This column has repeatedly cried that something must be done about business rates. Yes, it’s fair to ask businesses, as well as individual citizens, to contribute to local public-sector provision — even though businesses can’t vote. But it was far from fair during the recession to go on collecting £26 billion a year from hard-pressed firms based on an arbitrary multiplier applied to out-of-date rental valuations, in many cases long after those values had slumped to the point at which the rates were a higher cost than the rents.
The same firms were being charged all over again for basic services such as refuse disposal, and complaints that the system was poisoning small-business growth and town-centre regeneration were greeted by ministers only with issue-ducking deferrals of overdue revaluations. When I argued two years ago that ‘an across-the-board cut in the business-rates multiplier would swiftly pay for itself — and more — through new jobs, better profits and the taxes they generate’, no one seemed to be listening.
Well, now Osborne has done something at last; and as so often with this Chancellor, we are left to work out what its effect will be, and what is his political calculation. Henceforth, local authorities will keep the £26 billion (rather than remitting half of it to the Treasury) and will be able to cut business rates if they think that will attract new business investment and thereby increase total local revenues; authorities with elected mayors will also be able to increase rates, by a small margin, so long as the takings are spent on infrastructure improvements.
Those who believe Osborne’s ‘northern powerhouse’ is a political sham immediately howl that the new system will exacerbate the ‘north-south divide’ by sucking economic activity towards south-eastern authorities that can most easily afford to cut rates. Others think competition will be more localised, with enterprise-minded, cost-efficient (which most likely means Tory-run) councils attracting businesses from less dynamic, more budget-stressed neighbours — which will mostly turn out to be Labour or Lib Dem fiefdoms. And so we see Osborne’s political mind at work in a scheme that also takes heat off ministers by delegating troublesome decisions to lower levels of government. As a long-time critic of the previous business-rates regime, I greet the new one with cautious optimism: let’s wait and see what it really does for local prosperity.
Another cunning Osborne plan revealed in his conference speech is the pooling of 89 council pension funds — accounting for some £180 billion of investments — into six larger ‘wealth funds’ that will be encouraged to invest in infrastructure projects. The model for this is Canada, whose teachers’ and municipal employees’ pension schemes just can’t seem to buy enough public hardware at home and abroad, currently owning several of our ports and airports plus stakes in Anglian Water and Scottish gas as well as the High Speed One rail link to the Channel Tunnel.
The equivalent UK funds, by contrast, invest just half a per cent of their assets in infrastructure, compared with 8 per cent in countries with larger pooled funds. UK local authority fund trustees continue to place enormous sums — in an old-fashioned way that no doubt still involves lots of lunching, dining and Test match tickets — in passive ‘tracker’ funds run by City firms for fees that are as fat as competition allows. So pooling should lead to cost savings and smarter investing generally, as well as helping to rectify the dire shortage of UK infrastructure investors that recently sent Osborne kowtowing to Chinese institutions with a government guarantee pinned to his back in order to secure funds for the troubled Hinkley Point nuclear project.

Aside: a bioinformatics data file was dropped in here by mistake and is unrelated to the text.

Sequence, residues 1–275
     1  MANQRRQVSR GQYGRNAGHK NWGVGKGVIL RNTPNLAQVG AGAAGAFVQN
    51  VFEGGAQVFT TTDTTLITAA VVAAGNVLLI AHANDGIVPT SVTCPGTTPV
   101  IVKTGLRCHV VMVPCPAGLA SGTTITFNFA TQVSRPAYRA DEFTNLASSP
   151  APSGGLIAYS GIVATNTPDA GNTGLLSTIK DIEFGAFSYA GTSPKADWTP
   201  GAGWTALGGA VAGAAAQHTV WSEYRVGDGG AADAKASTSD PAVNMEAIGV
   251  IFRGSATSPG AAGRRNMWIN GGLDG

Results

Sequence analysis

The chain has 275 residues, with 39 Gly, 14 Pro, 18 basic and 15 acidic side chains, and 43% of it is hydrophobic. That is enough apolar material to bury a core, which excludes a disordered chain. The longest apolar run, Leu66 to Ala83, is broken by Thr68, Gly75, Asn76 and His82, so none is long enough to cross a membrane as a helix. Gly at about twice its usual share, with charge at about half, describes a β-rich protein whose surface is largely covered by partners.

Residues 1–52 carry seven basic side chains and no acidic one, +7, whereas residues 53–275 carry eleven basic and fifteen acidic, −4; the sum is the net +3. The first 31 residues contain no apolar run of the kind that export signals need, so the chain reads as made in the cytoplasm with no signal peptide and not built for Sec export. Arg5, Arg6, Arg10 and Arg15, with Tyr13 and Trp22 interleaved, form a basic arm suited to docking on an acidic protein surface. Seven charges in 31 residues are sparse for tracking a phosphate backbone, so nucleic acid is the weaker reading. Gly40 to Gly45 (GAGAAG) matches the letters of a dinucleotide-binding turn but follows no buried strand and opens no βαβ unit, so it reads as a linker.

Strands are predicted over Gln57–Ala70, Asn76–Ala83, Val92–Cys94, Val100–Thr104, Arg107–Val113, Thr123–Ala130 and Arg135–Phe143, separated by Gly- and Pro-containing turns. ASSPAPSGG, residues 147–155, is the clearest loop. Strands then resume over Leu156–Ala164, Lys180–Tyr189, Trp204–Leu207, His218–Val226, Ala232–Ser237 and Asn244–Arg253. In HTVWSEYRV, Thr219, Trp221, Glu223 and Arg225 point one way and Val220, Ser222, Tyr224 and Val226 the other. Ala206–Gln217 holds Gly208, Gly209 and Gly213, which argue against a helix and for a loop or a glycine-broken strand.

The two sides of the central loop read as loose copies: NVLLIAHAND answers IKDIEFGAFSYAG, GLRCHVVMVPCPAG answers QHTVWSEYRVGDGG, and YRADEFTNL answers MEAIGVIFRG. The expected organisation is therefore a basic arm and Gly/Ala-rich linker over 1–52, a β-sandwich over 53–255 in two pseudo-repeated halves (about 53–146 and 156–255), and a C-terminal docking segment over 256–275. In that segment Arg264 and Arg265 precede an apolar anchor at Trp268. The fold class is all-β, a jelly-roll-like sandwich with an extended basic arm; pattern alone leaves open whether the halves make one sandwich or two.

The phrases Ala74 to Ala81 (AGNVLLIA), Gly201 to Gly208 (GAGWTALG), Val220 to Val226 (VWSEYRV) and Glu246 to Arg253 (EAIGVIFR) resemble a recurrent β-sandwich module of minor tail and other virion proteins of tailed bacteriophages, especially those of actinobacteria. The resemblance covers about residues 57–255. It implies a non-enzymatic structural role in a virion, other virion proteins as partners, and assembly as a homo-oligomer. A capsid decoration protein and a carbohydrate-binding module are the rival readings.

And again there’s the politics: sticking it to Unison and other public-sector unions that are such thorns in the Conservatives’ side by redeploying their pension money to fund Osborne’s pet projects, and rubbing it in by hiring former Labour minister Lord Adonis to run a new National Infrastructure Commission that will assess future needs and ‘hold any government’s feet to the fire if it fails to deliver’.
Another long-held sentiment of this column is admiration for the brain (and political pragmatism) of Andrew Adonis. I’m only sorry he isn’t planning to combine this new job with that of Mayor of London, for which he was once tipped: he would have made a better fist of it than Zac Goldsmith or Sadiq Khan, and perhaps he could have offered himself as candidate for both major parties.
Denis Healey and my father Deryk Vander Weyer — a big cheese at Barclays and spokesman for the high-street banks during Healey’s chancellorship — had a lot in common. Both were clever, cultured, iconoclastic products of good Yorkshire grammar schools; both wartime majors and post-war socialists (my father finally turned right when he began to appreciate the merits of Margaret Thatcher); both formidable in argument. ‘Now then, young Deryk,’ the then chancellor used to say, only half joking, ‘You’re the man to run the state bank for us after you’re all nationalised.’
Thirty years later, the mellower Healey of old age came north to Helmsley to give a talk about his photography. On the strength of the 1970s connection, I invited him to lunch: he was one of the most entertaining guests I’ve ever had, radiating bonhomie and mischief, flirting gallantly with my widowed mother, ranging wide across literature and history, battling gamely through blank moments of short-term memory failure. Afterwards I took him to the station, with a big old-fashioned camera slung round his neck. An elderly man (though at least a decade younger than Denis) approached and shook his hand. ‘Lord Healey? I never voted for your lot, but I want to thank you for your public service.’ Denis beamed benignly, and took a picture of him.
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